By Joe Price
Ukraine sat top of the medals table after day one, with 24 podium places consisting of eight golds, eight silvers and eight bronzes. There were some standout performances from athletes representing the yellow and blue flag also, with Dmytro Dotsin and Ivan Berdysh winning their categories with undefeated records.
Ukraine is represented by about 70 young fighters at these competitions; which truly emphasises the popularity and love of MMA across the country.
MMA Ukraine’s Vice- President, Anton Blank, was elated that the country could be back competing internationally at these youth events. The commitment of the young athletes to this sport acted as a big reason behind the country’s success, and why COVID-19 did not stop the Ukraine athletes working hard.
“It is great to be able to compete at international level once again. Last year we couldn’t do much due to the pandemic, but we used our time efficiently whilst we could not travel to compete,” said Anton.
“We made sure we prepared well, especially for these competitions, and made sure no time was wasted. We were able to make adjustments to our programme to prepare for these championships to the best of our ability.”
The performances so far have reflected the hard work put in by all involved with MMA Ukraine. The foundations of the successes have stemmed from the grassroots of the sport, with MMA being one of few outlets in some areas of the country according to the Vice-President.
“Our success is based on how much MMA means to our people. Our small towns and villages are made up of fighters and athletes, MMA genes are common there.”
“If one village has an MMA gym, it is a chance for them to go somewhere and socialise. They train a lot because they don’t have a lot to do in a small town, so they are always very committed and laser-focused.”
Mixed martial arts exceeds itself as simply being a sport. It becomes something that provides togetherness in its community, and discipline amongst its practitioners. International experience, and the opportunity to use the sport as a launching pad for their futures, is something that Anton believes to be a real positive aspect that the sport offers.
“The sport can provide an opportunity for them to venture outside of their villages and become whatever they want to be. When they train with aspirations of becoming a good athlete, it teaches them important disciplines.”
“Not only does it help keep them healthy and integrate them as part of a team, but it can create more opportunities for their education to go and study in the right institutes. They can get out of a small town, see the world, and get their chance in their life.”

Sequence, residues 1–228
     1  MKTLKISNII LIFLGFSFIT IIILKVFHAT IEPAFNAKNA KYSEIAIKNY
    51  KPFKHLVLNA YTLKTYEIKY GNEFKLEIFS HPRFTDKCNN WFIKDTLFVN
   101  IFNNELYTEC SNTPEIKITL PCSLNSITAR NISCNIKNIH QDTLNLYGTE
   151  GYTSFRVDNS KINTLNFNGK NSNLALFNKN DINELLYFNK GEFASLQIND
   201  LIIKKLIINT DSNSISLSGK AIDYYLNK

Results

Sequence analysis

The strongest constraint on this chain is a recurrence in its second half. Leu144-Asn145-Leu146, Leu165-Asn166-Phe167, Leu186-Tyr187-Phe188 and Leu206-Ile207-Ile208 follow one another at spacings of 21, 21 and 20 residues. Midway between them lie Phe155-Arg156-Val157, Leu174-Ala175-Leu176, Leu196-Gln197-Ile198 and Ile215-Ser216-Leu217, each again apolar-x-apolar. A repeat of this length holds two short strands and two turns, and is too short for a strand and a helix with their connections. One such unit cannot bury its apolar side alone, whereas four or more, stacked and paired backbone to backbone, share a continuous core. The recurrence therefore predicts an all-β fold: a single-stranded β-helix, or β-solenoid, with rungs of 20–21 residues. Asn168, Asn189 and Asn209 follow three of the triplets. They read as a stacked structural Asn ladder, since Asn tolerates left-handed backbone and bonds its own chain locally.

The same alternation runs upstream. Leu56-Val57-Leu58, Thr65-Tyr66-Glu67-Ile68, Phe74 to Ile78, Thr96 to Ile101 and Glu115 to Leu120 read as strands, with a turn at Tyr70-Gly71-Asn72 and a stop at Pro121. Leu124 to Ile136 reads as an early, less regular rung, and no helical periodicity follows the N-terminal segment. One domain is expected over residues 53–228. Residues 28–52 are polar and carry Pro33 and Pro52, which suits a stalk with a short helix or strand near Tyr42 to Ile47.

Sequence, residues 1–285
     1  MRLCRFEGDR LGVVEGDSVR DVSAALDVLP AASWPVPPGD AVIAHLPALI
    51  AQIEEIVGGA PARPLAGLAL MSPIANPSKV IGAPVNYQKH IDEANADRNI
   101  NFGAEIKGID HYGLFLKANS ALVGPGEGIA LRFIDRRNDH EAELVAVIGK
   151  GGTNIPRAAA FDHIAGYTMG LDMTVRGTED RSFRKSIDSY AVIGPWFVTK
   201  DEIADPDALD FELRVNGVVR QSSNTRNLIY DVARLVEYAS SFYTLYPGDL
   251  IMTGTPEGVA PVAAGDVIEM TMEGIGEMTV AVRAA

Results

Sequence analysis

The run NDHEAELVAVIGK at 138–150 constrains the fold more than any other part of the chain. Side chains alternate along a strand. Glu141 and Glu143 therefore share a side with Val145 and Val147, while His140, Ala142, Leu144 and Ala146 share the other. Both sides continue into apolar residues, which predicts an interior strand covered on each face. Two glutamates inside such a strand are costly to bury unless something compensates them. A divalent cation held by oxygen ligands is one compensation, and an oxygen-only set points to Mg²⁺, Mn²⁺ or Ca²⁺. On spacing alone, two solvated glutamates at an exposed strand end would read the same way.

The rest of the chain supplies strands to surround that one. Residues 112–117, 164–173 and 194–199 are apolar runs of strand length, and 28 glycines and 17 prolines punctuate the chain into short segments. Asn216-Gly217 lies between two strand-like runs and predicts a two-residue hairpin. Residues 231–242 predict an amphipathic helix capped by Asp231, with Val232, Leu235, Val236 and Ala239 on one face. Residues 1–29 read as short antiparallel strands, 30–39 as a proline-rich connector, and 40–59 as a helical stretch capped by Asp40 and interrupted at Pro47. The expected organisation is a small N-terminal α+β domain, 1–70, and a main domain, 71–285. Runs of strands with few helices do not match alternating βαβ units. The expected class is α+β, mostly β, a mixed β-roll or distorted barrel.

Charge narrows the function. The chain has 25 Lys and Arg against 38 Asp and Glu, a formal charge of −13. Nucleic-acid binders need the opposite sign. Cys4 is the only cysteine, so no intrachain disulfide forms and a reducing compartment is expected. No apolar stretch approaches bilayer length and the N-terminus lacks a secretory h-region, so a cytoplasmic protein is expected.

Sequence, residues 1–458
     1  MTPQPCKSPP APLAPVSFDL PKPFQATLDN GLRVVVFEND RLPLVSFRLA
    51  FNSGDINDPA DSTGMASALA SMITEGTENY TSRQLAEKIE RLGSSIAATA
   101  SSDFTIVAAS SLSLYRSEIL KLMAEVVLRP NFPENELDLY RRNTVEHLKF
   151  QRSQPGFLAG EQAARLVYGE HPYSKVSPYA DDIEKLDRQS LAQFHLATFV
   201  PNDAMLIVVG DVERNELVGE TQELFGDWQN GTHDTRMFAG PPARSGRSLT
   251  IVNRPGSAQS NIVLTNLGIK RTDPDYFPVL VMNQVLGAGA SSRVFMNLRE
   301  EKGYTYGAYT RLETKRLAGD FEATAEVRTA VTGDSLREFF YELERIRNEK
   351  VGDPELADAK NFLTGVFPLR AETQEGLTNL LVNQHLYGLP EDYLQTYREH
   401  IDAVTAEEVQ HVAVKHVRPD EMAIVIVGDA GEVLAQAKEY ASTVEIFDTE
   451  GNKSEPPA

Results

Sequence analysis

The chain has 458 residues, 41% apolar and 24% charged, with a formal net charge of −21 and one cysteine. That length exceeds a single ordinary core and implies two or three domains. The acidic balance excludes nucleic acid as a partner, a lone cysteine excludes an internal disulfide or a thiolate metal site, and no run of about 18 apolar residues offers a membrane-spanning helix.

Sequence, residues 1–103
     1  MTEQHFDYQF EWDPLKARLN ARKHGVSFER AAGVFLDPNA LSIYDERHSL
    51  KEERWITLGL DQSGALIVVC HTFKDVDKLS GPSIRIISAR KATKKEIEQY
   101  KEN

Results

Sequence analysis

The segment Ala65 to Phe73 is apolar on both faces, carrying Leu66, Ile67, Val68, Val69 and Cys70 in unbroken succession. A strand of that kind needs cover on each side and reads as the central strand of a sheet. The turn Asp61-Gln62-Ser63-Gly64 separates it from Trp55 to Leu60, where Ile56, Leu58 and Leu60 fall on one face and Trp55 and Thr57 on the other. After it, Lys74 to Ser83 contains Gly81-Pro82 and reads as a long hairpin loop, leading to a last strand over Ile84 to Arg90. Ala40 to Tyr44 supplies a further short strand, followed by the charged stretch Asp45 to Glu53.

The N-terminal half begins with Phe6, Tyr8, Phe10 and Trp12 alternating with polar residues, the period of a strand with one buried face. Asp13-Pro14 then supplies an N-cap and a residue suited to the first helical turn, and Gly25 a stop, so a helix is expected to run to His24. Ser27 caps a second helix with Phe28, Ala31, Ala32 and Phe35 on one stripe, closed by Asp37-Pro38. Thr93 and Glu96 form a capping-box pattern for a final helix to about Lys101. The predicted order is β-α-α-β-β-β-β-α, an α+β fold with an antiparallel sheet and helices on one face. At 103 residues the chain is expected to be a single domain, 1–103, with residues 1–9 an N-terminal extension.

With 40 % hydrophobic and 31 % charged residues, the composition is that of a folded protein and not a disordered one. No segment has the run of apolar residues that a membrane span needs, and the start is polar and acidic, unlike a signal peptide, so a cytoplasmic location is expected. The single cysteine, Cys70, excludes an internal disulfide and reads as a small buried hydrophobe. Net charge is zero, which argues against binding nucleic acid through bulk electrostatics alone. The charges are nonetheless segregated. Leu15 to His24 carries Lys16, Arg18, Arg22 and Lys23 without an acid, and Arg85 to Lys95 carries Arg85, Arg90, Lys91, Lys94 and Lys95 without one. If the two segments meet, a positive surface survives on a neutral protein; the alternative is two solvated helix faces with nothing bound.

Next year will mark a decade since the governing body, MMA Ukraine, gained recognition from its Sports Ministry to oversee the nations development within the sport. There have been vast improvements since back in 2012, and Anton suggested that MMA has been a catalyst in keeping young people safely occupied whilst they continue to better themselves as athletes and people.
“It is important to utilise the interest these young people have in the sport. We think it is very important to develop our youth because it opens doors for them later on in life,” he said.
“If we know that the young athletes are in the gym and training hard then we know they are safe and have a chance to be successful in MMA. If the gyms are their only outlet in their towns, and they are not training or involved in MMA, then we do not know what they will be up to.”
“It is not only my opinion, but the opinion of the whole federation who believe in helping our young athletes to develop.”
The development of youth athletes, and the sport in general, is an ethos shared by Ukraine and the rest of the IMMAF family. The aforementioned pursuit of Olympic recognition is worn vividly on the sleeve of Anton. Recognising IMMAF as a fantastic organisation to be involved with, the Vice-President also sees the MMA body as one of the key-players in getting the sport to the Olympics.
“IMMAF is the main organisation that wants to internationally develop MMA, in both skill and credibility, from its roots. Like the Olympics has its members, we have IMMAF to work with and compete under.”
“We feel we have done everything necessary we need to do to become an Olympic sport, and we hope that we are knocking on the right doors to be genuinely considered.”
“MMA is such a fast-growing sport, arguably the fastest, and the committee needs to look at us and realise the sports potential. I hope we can receive Olympic status in the near future.”
The continuing rise in the level of MMA on show at these tournaments will cause no hinderance to the sport’s popularity.
Anton and the Ukraine team will not be present at the 2021 IMMAF Senior & Junior European Open Championships in Kazan, Russia. Nevertheless, he is looking ahead to the competitions later on this year, with some positive news about the Ukraine’s approach to the events.
“We are not able to attend the championships in Kazan, Russia,” said Anton.
“We will be preparing to bring a big team to the following events though, and we are really looking forward to the competitions for the rest of the year.”
IMMAF would like to thank Anton, and wish him and his team the best of luck during these championships.
You can watch the event LIVE via IMMAF.TV at this link.
You will also find the latest championship news here.